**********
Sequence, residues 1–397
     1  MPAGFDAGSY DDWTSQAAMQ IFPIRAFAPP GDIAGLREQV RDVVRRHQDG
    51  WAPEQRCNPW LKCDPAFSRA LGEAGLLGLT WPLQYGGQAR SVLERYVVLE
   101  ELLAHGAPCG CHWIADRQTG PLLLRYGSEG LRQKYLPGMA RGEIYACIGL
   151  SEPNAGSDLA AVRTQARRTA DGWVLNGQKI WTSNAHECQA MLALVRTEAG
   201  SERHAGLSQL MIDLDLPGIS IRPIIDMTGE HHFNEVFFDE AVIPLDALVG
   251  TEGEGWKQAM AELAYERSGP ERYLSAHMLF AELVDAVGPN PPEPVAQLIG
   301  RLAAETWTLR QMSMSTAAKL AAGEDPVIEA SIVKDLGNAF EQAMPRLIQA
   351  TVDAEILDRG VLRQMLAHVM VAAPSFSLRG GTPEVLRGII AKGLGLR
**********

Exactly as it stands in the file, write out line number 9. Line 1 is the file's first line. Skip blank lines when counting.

   351  TVDAEILDRG VLRQMLAHVM VAAPSFSLRG GTPEVLRGII AKGLGLR